Minerals (Category A)

Kaolin

Kaolin, or China clay, is nearly white in color.  It is distinguished from other industrial clays based on its fine particle size and pure coloring.  Its ability to disperse in water make it an ideal pigment.

The primary constituent in kaolin is the mineral kaolinite, a hydrous aluminum silicate formed by the decomposition of minerals such as feldspar.

The name kaolin derives from the Chinese and means high ridge.  High ridge is a reference to the hill in south-eastern China where the clay was originally discovered and used.  In the 7th and 8th centuries, the Chinese were the first to use kaolin to make porcelain.  It was not until centuries later that other areas of the world could duplicate the process.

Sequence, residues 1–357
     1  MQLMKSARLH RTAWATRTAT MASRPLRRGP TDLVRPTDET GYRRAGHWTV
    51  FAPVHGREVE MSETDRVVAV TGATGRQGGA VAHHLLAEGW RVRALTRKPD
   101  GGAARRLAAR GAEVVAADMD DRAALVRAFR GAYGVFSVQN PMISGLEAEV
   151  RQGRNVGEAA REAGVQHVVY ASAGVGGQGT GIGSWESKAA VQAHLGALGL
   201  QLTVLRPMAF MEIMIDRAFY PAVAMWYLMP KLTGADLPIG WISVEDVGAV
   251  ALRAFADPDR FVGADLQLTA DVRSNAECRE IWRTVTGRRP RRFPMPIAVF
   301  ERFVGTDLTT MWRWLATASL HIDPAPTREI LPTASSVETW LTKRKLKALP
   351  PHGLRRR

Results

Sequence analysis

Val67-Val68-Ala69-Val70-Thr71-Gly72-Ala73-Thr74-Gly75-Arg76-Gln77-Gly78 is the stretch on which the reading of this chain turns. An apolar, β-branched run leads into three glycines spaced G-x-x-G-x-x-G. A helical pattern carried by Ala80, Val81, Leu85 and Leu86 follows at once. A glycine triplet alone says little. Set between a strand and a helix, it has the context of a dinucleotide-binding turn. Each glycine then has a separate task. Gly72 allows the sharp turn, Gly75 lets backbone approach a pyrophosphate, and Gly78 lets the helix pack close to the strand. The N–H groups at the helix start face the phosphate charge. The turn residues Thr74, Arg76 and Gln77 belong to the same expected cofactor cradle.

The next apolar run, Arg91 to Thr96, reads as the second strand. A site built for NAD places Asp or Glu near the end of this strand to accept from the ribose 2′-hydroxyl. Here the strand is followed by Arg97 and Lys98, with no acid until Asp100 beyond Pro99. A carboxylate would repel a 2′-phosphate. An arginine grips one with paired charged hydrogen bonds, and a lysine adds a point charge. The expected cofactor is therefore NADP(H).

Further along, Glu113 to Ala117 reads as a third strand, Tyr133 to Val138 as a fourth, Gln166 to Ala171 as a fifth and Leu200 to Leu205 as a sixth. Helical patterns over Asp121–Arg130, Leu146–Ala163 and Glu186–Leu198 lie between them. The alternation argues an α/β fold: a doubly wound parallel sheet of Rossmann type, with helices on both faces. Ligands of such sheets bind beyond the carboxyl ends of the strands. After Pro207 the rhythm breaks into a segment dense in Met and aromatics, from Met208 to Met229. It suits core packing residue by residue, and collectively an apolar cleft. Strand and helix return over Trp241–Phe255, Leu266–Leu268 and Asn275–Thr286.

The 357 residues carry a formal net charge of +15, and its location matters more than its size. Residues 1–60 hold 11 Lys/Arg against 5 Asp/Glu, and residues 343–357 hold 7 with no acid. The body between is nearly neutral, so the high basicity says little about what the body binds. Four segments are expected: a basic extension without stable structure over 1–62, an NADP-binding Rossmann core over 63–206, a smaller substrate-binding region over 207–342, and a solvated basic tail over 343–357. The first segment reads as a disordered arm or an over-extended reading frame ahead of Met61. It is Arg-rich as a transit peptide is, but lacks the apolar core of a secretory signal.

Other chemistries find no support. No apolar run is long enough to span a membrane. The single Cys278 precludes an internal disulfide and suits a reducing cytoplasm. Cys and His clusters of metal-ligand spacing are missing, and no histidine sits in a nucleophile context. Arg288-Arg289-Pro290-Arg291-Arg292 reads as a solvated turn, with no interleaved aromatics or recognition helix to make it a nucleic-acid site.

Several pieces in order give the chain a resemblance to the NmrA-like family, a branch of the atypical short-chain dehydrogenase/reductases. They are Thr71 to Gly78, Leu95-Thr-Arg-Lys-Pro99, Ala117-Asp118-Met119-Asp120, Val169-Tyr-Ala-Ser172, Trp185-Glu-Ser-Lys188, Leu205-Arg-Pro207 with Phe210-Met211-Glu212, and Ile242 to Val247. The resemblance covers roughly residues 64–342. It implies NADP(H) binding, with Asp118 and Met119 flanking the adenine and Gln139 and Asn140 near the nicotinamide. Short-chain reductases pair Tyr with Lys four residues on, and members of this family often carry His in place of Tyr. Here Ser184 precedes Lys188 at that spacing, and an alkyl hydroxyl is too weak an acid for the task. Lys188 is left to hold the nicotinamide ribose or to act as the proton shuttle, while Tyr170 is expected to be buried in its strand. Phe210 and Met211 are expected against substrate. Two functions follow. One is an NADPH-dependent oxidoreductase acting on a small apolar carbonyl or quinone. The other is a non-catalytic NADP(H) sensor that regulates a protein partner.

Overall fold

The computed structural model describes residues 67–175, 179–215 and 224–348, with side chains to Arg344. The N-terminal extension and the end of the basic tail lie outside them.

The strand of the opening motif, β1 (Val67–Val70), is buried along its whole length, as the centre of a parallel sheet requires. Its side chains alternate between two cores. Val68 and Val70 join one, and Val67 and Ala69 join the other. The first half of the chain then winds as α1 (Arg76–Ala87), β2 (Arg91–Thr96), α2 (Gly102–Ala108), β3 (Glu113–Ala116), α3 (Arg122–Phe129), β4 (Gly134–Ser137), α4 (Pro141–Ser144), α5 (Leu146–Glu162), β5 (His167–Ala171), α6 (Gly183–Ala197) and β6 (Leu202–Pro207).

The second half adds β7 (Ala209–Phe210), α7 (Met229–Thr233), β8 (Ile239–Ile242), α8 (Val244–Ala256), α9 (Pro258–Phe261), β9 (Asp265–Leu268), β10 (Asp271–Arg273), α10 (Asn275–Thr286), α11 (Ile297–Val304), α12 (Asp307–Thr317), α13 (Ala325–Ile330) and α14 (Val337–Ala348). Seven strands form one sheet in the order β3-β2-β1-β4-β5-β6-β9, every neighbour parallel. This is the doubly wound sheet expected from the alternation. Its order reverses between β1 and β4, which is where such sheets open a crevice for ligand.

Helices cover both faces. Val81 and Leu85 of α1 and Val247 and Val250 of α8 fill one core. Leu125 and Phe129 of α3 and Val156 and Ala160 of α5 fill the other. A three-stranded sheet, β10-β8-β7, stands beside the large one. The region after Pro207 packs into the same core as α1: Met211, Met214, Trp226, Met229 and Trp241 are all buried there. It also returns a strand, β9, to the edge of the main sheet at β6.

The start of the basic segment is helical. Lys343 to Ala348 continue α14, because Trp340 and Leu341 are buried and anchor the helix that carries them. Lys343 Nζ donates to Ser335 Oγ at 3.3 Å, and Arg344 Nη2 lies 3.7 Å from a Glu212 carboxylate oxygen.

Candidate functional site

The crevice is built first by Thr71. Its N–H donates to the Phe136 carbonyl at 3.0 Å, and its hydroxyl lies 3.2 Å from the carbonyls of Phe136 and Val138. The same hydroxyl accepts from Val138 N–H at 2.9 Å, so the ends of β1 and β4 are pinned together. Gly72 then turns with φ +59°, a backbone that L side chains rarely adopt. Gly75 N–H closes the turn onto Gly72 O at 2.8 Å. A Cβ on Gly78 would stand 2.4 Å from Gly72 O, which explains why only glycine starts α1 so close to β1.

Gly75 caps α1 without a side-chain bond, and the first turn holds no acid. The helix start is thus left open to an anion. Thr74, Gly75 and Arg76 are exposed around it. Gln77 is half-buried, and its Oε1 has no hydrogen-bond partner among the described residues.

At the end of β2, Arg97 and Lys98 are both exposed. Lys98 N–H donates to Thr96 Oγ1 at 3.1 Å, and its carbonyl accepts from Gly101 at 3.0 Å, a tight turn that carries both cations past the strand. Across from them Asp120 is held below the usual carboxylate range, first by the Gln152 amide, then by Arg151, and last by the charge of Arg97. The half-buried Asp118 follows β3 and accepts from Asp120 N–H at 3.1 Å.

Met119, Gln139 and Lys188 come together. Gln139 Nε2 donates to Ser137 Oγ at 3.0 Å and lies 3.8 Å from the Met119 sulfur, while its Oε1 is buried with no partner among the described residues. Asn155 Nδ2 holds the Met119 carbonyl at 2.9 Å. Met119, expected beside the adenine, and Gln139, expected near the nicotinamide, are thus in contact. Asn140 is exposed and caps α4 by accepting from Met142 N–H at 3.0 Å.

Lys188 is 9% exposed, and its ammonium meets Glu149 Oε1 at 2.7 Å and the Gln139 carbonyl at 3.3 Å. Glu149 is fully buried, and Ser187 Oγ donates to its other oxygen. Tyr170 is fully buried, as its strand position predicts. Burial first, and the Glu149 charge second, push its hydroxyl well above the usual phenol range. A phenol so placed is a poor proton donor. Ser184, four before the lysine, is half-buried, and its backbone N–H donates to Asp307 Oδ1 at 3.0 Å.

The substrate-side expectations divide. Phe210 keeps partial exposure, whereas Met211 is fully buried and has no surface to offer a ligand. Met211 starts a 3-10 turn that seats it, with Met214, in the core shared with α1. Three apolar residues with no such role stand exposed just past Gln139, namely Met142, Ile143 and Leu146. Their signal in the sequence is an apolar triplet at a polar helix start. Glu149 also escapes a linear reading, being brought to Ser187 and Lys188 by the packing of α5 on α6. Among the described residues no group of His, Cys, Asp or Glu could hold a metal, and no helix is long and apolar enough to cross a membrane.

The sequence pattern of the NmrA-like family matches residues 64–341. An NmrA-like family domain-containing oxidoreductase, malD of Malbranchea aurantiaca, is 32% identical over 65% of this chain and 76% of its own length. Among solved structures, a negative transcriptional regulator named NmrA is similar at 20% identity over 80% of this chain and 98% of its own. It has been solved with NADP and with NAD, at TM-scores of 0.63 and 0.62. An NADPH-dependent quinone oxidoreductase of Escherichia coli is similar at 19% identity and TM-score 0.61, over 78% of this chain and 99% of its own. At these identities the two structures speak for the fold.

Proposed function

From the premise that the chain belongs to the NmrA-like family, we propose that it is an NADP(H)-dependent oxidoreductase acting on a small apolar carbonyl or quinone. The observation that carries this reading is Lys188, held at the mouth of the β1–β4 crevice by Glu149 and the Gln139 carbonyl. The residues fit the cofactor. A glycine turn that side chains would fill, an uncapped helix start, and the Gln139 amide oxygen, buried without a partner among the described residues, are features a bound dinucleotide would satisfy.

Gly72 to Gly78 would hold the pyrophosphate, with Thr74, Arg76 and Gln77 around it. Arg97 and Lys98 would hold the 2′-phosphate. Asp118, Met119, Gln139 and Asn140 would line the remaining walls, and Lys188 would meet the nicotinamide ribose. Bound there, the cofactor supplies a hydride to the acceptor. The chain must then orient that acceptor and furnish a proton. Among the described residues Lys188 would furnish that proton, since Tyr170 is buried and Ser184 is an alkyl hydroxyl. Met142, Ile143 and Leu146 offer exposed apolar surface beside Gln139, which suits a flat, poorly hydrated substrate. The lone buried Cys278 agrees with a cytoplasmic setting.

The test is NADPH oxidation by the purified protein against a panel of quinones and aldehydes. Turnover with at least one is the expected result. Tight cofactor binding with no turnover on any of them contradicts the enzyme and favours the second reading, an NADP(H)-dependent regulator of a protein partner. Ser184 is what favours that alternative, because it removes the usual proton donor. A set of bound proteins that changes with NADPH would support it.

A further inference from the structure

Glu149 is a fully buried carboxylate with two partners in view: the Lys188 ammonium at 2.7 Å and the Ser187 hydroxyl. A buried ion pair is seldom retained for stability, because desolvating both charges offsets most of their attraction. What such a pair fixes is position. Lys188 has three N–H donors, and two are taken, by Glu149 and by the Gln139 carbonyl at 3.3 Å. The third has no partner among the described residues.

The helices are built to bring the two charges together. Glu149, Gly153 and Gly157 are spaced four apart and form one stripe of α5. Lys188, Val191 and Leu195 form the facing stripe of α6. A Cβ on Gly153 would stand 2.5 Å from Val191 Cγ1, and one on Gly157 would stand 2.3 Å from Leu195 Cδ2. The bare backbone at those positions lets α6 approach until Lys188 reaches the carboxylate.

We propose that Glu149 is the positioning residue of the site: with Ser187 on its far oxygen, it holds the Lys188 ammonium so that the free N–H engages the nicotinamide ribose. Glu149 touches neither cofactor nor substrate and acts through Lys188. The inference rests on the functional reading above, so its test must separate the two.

The white color of the mineral can either be naturally occurring, or can result after processing which removes minerals and other color-bearing compounds.  The small particle size of the mineral contributes to its white color by scattering light.

Although kaolin is found throughout the world, deposits with suitable whiteness, viscosity and other favorable characteristics are rare.  Ironically, the best deposits are not located in China.  The Unites States has high-quality deposits in the Southeast.  The mineral has been mined since colonial times in Georgia and South Carolina.  Other valuable deposits are located in Brazil and the United Kingdom.

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